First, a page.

Caption: Bill Roggio in his April 2012 interview on Military Drone Use aired on C-SPAN Washington Journal explains why the US has expanded authority and adopted the use of “signature strikes”. Roggio informs his audience by including drone statistics, official statements, and from work his news journal, the Long War. His purpose is to abate growing fears of drone activity and expansion in order to offer a clearer public understanding of a complicated and intricate military initiative. He establishes a concerned relationship with his audience of politically involved viewers that are worried about military action and may not fully understand how drones work are and what drones may mean for national security.
Jo Becker and Scott Shane’s May 2012 New York Times Article , Secret ‘Kill list’ Proves a Test of Obama’s Principles and Will, argues that Mr. Obama has vowed to fight Al Queda with American values and understands the moral and legal conundrums that arise when designating terrorists for kill or capture (a process called nominations) . Becker and Shane support their argument by outlining the executive procedure of “nominations” and including statements by Mr. Obama and Mr. Brennan, Mr. Obama’s top counter-terrorism adviser. Becker and Shane’s purpose is to prove that Obama’s process of “nominations” is morally driven and meticulously reviewed in order to refute opposition claims that terrorist targets aren’t chosen with moral consciousness. Becker and Shane establish an informative relationship with his audience of educated middle class readers of both print and digital news who know of drone warfare and of its growing opposition, and who find national security and foreign relations important topics.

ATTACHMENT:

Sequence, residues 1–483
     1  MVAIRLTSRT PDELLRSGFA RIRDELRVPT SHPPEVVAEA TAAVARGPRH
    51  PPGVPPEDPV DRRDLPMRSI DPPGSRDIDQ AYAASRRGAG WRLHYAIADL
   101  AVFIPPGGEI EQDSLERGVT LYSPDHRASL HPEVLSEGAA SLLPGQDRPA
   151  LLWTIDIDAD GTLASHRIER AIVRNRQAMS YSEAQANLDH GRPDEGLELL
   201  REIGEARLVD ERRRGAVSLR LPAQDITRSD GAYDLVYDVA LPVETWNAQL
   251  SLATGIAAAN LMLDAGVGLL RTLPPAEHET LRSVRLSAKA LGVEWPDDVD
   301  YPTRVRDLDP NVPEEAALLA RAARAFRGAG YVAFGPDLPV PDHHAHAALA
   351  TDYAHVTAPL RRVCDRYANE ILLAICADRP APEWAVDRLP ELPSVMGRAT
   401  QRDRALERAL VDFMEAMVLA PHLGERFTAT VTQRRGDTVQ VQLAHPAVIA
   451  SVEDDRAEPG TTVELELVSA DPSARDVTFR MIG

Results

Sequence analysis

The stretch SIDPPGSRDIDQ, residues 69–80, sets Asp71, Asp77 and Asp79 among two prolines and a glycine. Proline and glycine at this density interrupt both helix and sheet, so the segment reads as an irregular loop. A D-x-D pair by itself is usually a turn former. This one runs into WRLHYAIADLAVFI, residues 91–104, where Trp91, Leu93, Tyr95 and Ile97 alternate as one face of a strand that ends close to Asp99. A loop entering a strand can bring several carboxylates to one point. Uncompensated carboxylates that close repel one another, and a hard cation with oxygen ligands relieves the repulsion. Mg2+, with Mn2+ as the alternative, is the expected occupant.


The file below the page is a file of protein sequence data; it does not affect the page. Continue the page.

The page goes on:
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On the impact of science fiction, P.W Singer the author of Wired for War and military analyst says, “It is important that people realize that this (science fiction) is not just popular culture, but there is a productive aspect – an ability to give understanding of how the world works.” Comic book heroes are an American staple. Characters are often marred in conflict and the mission is essential homeland security. Serve and protect the unsuspecting townspeople from terrors unimaginable. Yet there are some characters that play a more volatile role in society. Vigilante. A masked crusader that does the work that no one else can do clandestine and shrouded in secrecy. Have Unmanned weapons become such masked vigilantes? Are drones such vigilantes, as they fly silent over terrorist’s heads and strike before the terrorists do all in the name of our safety? Perhaps Two-Face from Batman : The Dark Knight best captured this moral question, “Your either die a hero, or live long enough to see yourself become the villain.”
James Bridle posted Nov 8 2012, the blog ‘Dronstagragm: The Drone’s Eye View’ argues that these locations (Yemen, Pakistan, Afghanistan) are not so ‘foreign’ – these are places where real people live and are under attack. Bridle’s argument is supported by the inclusion of actual photo’s from drones found from reputable sources within the U.K Bureau of Investigative Journalism. His purpose is to add pathos to the drone discussion and elicit viewer’s sympathy for people who live in these conflict areas in order to gain signatures on the ‘drone wars UK’s petitions to end the secrecy around British drone strikes’ attached the site. Bridle establishes an encouraging relationship with the audience of readers who have an internet presence like Twitter, Tumblr, and Instagram who engage in online discussions of politics and foreign policies.